Southwest Section AAPG Annual Convention

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New Insights on the Regional Stratigraphy, Reservoir Characteristics, and Nomenclature History of the Marble Falls Formation, Fort Worth Basin


The Early Pennsylvanian Marble Falls (MF) Formation in the Fort Worth Basin (FWB) was deposited in a broad carbonate ramp system during incipient Ouachita orogenesis. It covers an area of more than 15,000 square miles and contains an assortment of facies that vary considerably across the region due to high-frequency, glacio-eustatic sea-level fluctuations. The MF Formation has been studied extensively in outcrop around the periphery of the Llano Uplift and was informally divided into lower and upper members separated by a regional unconformity representing the Morrowan-Atokan boundary. However, only a few regional studies have been conducted on the Carboniferous stratigraphy in the deep subsurface of the FWB and most of those were published during the mid-1900's when well log data was limited. Consequently, the geological controls on the sequence stratigraphic architecture, facies patterns, thickness, and reservoir quality of the MF is still poorly understood. This study integrates data from core, petrophysical data, high resolution micro-resistivity image logs, and the regional correlation of >30,000 wireline logs to develop a comprehensive regional stratigraphic and paleogeographic framework for the lower MF from outcrop to the deep subsurface of the FWB. Understanding the stratigraphic controls on reservoir quality is important for evaluating reservoir potential of the lower MF in other areas of the basin and predicting future expansion of the play.

The lower MF was exploited conventionally over the last half century along the western edge of the FWB where operators targeted porous structural and stratigraphic traps or would use the MF as a bail-out zone when shallower formations were uneconomic. The MF also contains a highly porous and productive chert facies that formed near the top of the lower MF sequence when the carbonate ramp was subaerially exposed during a drop in sea-level at the Morrowan-Atokan boundary. Local operators have commonly referred to the lower MF using various terms like the “Duffer,” “Duffer lime,” “Comyn,” or “Rotten chert,” which has caused confusion with the nomenclature history and reporting of production and completion data. Public data sources show there are ∼1,720 “Duffer” or “Duffer Lime” wells, ∼40 “Comyn” wells, and ∼6,725 “Marble Falls” wells, the latter of which in most cases does not distinguish between the upper member (Atokan) and the lower member (Morrowan) of the MF Formation. Therefore, a regional historical production research was conducted and the completion and production data for each well in the FWB were manually compared to publically available wireline logs to determine the stratigraphic interval that was actually completed. The results show there are an estimated 3,600 conventional wells that have been completed within the lower MF interval in the FWB.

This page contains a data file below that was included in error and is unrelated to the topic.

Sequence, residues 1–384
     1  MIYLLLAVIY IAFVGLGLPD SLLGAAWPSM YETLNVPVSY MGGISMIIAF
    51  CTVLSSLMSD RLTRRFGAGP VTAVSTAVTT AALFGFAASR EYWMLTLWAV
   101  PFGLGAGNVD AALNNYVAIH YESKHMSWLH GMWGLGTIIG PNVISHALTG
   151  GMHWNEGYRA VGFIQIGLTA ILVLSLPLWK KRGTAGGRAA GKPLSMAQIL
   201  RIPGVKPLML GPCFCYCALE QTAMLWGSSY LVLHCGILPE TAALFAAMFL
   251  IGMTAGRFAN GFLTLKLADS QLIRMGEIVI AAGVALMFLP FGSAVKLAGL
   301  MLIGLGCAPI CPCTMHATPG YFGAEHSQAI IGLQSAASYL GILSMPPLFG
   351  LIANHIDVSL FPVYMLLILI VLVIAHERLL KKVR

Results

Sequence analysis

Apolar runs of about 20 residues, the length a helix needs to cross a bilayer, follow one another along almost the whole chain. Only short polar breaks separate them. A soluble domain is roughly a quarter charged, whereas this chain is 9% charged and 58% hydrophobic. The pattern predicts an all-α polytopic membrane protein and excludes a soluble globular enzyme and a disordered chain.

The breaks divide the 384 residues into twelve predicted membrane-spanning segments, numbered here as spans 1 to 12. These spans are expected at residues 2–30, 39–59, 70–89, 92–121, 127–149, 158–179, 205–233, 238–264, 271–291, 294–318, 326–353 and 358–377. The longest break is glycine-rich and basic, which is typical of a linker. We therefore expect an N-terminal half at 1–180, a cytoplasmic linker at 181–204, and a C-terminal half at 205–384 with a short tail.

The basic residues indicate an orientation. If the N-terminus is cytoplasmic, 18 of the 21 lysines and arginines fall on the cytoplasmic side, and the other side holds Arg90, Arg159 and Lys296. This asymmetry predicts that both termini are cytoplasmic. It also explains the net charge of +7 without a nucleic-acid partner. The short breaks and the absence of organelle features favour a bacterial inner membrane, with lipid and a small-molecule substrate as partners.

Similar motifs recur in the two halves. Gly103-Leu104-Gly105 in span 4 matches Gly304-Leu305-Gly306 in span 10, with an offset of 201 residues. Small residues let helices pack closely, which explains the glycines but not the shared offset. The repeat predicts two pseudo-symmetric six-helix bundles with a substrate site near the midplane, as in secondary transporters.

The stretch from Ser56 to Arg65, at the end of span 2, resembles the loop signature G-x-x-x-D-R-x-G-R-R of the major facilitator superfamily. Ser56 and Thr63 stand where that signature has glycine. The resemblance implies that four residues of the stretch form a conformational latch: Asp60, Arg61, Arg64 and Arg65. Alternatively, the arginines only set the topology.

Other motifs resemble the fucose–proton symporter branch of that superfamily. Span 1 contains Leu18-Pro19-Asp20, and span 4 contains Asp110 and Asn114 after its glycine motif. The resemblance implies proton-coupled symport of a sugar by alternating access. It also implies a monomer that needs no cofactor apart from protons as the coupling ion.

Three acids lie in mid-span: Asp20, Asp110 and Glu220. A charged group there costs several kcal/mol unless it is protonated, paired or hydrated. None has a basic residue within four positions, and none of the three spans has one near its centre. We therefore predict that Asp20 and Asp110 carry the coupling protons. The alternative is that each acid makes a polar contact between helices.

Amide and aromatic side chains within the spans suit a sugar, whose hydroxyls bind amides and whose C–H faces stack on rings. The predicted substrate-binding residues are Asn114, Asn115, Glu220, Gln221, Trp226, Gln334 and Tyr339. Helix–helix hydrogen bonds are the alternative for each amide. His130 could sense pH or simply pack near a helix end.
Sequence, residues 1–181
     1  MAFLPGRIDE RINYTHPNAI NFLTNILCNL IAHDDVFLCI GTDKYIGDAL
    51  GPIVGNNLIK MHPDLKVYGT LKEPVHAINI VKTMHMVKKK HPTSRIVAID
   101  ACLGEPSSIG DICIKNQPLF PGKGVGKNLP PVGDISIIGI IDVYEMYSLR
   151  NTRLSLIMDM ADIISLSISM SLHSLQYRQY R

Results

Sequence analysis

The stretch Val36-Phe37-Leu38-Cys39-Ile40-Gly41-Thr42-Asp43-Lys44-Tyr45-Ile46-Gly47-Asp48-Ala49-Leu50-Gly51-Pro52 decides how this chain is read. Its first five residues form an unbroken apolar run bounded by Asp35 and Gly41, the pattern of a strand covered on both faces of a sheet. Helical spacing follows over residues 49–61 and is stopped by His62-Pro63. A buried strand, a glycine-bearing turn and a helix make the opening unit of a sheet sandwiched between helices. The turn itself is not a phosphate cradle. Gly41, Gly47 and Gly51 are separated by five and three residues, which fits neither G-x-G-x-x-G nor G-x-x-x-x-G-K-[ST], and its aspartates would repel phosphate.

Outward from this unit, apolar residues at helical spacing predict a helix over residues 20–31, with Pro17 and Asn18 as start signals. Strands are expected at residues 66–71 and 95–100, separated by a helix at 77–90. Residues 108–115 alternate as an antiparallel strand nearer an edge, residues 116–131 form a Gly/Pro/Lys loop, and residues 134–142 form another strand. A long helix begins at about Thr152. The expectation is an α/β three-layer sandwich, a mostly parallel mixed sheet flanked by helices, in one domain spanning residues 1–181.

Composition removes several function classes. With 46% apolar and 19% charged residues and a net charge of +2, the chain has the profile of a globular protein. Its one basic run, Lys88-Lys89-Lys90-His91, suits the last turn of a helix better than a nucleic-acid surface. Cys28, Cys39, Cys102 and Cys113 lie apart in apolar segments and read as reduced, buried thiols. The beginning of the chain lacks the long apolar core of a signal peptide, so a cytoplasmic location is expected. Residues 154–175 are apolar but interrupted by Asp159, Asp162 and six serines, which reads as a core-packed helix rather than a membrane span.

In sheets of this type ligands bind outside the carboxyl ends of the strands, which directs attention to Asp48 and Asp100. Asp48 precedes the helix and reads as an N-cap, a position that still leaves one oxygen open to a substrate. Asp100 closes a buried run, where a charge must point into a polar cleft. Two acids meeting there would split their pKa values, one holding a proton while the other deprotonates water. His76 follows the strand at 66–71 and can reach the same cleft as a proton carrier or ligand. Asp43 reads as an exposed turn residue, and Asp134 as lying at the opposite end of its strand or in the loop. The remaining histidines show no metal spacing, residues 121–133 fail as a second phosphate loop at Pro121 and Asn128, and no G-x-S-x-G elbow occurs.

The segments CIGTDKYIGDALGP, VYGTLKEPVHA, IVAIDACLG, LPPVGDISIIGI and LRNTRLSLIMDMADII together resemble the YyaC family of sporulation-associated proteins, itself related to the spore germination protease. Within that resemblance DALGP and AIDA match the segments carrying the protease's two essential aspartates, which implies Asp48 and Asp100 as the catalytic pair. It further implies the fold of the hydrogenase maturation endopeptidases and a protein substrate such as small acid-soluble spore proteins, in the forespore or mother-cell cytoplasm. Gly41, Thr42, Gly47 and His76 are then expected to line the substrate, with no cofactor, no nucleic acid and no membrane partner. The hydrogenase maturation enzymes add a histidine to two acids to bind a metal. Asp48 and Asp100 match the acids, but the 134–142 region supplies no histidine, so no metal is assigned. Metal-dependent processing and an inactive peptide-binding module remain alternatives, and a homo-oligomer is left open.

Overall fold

Recent exploitation of an unusually thick sequence (>400 ft) of the lower MF in the deep subsurface in the northern part of the FWB has developed into a highly economic, fractured-driven, tight-oil resource play. This sequence comprises high-frequency cycles that typically shallow upward from a basinal calcareous mudstone to an outer ramp spiculite facies which contains the best reservoir quality. The complicated lateral variations in these parasequences have compartmentalized the reservoir and controlled the distribution of reservoir lithofacies within the lower MF. Although the spiculite facies has very little primary porosity or permeability, the high concentrations of silica from the sponge spicules make it uniquely conducive to hosting a network of ubiquitous lithology-bound fractures (LBF) that constitute the reservoir.

In the core area of the current play in Jack and Palo Pinto counties the lower MF lies stratigraphically above the Forestburg-Comyn limestone or, where the Forestburg and Comyn are absent, directly on top of the Barnett Shale. It is overlain unconformably by siliciclastic deposits of the Atoka Group (“Bend Conglomerate”) in the northern part of the FWB and the upper MF limestone in the southern part of the basin. The formation gradually thickens from its subcrop along the western edge of the Bend Arch to more than 500 feet thick along the axis of the FWB to the east and ranges from 250 to 500 feet thick in the area of the present-day play. The regional distribution of the lower MF was tectonically controlled by the subsidence of the FWB and flexure of the Bend Arch (forebulge), but the thick, northwest trending section in the northern part of the FWB was stratigraphically controlled by several underlying Late Mississippian to Early Pennsylvanian units.

Extensive well log correlations show evidence that this lower Morrowan-age member of the MF Formation covers a much larger geographic area than has been previously estimated, and was found to be dominantly composed of the siliceous spiculite facies (reservoir lithofacies) across most of the FWB. The widespread distribution of this lower MF spiculite sequence suggests that the current play has tremendous potential for expansion.